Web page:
Artificial intelligence (AI) processing is applied to the maintained occupancy count and additional tracked condition(s) in real-time, and one or more actions are automatically taken in response. This can take the form of detecting the occurrence of one or more specific triggers based on the maintained occupancy count and the one or more additional tracked conditions, by applying the AI processing. One or more corresponding actions can then be automatically taken in response to detecting the occurrence of the specific trigger(s). For example, it can be determined that the occupancy count of the physical area has exceeded or been equal to a specific threshold for a specific period of time, or has been at zero for a specific period of time. Examples of actions that may be taken in response include automatically adjusting a climate control system that controls temperature of the physical area, adjusting a lighting system that controls illumination of the physical area, automatically activating or deactivating a security system, turning a given piece of equipment on or off, limiting ingress or egress to/from the physical area, inputting data to a conference room management system, and outputting an electronic directive to a specific party (e.g., an administrator or manager). In addition, machine learning techniques can be applied to the tracked occurrences of triggers, the corresponding actions automatically taken, and the corresponding results of the actions automatically taken over the given period of time. In response to the results of applying the machine learning techniques, improved actions can be performed, such as creating new triggers, modifying existing triggers, modifying existing actions automatically taken corresponding to triggers, and creating new actions automatically taken corresponding to triggers. Statistics can also be complied concerning the tracked occurrences of triggers, the corresponding actions automatically taken, and the corresponding results of the actions automatically taken over given periods of time.

FIG. 1 depicts a high-level block diagram illustrating one implementation of a system 100 for tracking occupancy and additional conditions of a physical area, and automatically generating artificial intelligence based responsive actions. The illustrated system 100 includes a computing device 101, sensors 113, a database 143, and a persistent storage 145. In the illustrated implementation, the computing device 101, sensors 113, database 143, and persistent storage 145 may be connected in a local area network (LAN) and are further communicatively coupled to other entities of the system 100 via a network 105. In other implementations, the database 143 and/or the persistent storage 145 may be located remotely and coupled to other entities of the system 100 via the network 105. The system 100 may further include a user device 115 and cloud storage 127. The components of the system 100 are described in more detail below.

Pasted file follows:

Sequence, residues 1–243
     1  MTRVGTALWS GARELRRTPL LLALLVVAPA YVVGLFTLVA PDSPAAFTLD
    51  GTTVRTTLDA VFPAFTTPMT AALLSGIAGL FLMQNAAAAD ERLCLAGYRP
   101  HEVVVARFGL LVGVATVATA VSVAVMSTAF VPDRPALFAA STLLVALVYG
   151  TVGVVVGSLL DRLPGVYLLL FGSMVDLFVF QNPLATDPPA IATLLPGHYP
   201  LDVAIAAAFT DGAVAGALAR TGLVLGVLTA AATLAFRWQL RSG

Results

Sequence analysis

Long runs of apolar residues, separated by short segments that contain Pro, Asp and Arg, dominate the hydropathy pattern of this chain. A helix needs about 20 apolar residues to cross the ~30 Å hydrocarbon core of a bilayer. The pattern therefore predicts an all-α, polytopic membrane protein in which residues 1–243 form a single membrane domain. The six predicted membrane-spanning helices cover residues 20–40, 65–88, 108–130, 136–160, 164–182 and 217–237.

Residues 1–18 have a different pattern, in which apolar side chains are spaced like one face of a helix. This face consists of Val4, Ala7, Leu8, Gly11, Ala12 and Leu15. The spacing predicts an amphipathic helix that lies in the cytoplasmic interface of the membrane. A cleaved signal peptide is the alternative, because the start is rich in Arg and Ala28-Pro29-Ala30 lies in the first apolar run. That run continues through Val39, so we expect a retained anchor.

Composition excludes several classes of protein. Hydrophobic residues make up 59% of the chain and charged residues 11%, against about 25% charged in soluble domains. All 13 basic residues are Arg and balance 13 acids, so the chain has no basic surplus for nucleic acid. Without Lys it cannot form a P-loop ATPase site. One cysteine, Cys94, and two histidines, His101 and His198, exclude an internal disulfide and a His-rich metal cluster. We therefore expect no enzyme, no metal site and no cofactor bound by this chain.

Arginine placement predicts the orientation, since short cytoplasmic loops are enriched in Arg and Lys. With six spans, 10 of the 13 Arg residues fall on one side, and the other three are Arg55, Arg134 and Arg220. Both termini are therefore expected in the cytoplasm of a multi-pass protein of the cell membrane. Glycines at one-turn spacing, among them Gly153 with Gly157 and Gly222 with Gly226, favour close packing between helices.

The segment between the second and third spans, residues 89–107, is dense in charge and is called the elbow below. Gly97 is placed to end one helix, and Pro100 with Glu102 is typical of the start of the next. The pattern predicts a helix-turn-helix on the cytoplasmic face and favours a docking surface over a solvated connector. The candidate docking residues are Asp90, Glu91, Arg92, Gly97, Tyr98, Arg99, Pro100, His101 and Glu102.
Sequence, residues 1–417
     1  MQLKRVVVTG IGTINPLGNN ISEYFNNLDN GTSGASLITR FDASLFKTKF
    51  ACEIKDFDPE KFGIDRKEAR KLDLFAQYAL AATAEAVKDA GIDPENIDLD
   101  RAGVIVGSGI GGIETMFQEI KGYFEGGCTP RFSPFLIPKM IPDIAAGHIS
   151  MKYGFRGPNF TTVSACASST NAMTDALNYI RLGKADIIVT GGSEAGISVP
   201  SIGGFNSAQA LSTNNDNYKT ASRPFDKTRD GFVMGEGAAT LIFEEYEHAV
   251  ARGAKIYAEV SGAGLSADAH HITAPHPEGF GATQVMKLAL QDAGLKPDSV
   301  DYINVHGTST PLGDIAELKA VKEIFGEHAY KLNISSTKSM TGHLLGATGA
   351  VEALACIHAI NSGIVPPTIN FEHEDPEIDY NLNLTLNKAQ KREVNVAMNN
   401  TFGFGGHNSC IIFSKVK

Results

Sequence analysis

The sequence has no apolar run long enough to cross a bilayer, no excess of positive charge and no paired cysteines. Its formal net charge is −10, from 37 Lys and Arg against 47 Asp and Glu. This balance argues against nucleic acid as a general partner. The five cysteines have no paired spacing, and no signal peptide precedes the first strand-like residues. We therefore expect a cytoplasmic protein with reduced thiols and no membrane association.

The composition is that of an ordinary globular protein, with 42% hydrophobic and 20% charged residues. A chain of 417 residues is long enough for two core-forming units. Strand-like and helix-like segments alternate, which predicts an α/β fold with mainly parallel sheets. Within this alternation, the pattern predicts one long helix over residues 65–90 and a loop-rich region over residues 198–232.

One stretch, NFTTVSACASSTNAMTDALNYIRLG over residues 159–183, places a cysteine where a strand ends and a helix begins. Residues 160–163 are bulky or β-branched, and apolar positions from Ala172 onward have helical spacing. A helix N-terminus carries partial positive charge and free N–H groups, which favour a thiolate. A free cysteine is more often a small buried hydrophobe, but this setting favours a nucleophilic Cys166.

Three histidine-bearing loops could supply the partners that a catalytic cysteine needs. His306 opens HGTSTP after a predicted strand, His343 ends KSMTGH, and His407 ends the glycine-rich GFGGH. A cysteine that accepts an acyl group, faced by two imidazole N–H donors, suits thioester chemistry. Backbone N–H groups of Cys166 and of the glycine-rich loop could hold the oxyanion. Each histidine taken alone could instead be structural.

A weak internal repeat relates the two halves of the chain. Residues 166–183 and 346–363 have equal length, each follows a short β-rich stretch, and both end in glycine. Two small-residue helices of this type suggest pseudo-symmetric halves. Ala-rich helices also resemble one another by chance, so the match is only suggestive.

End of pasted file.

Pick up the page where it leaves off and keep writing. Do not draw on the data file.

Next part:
Although specific numbers of some components are shown in FIG. 1, it should be understood that there may be more or fewer of such components in different implementations. Also, such entities can be connected by any number of networks and/or LANs. Other components (not illustrated) may be connected in a similar manner. Conversely, all of the components illustrated in FIG. 1 need not be present. The components can be interconnected in different ways from that shown in FIG. 1.

The sensors 113 may be hardware devices that detect and respond to input from a physical environment. The sensors 113 may be coupled to the LAN and/or the network 105 to provide information or signals about the physical environment. One or more sensors 113, including for example a series of sensors, or a grid or array of sensors, may be located in different LANs and coupled to the network 105. The sensors 113 can be in the form of, for example, sensors capable of detecting the ingress/egress of directional gates, such as a motion sensor, a proximity sensor, a depth sensor, a video camera, a positioning sensor using, e.g., GPS, cellular, near field communications, video location, and other positioning techniques, etc. Other types of sensors may include, but not are limited to, an accelerometer, an ambient light sensor, a thermal sensor, an infrared sensor, a biometric sensor, a radio frequency detector, etc.

The computing device 101 may be in the form of a hardware or virtual device/server that performs the occupancy and additional condition tracking, and automatic generation of artificial intelligence based responsive actions described herein. The computing device 101 may include a condition tracking and automatic action taking manager 103 as illustrated in FIG. 1. In some implementations, the condition tracking and automatic action taking manager 103 is implemented using programmable or specialized hardware. In some implementations, the condition tracking and automatic action taking manager 103 is implemented using a combination of hardware and software. In other implementations, the condition tracking and automatic action taking manager 103 is instantiated as software stored and executed on the computing device 101.

The network 105 can be a conventional type, wired or wireless, and may have numerous different configurations including a star configuration, token ring configuration or other configurations. Furthermore, the network 105 may include a local area network (LAN), a wide area network (WAN) (e.g., the Internet), and/or other interconnected data paths across which multiple devices may communicate. In some implementations, the network 105 may be a peer-to-peer network. The network 105 may also be coupled to or include portions of a telecommunications network for sending data in a variety of different communication protocols. In some implementations, the network 105 may include Bluetooth communication networks or a cellular communications network for sending and receiving data including short messaging service (SMS), multimedia messaging service (MMS), hypertext transfer protocol (HTTP), direct data connection, WAP, email, etc.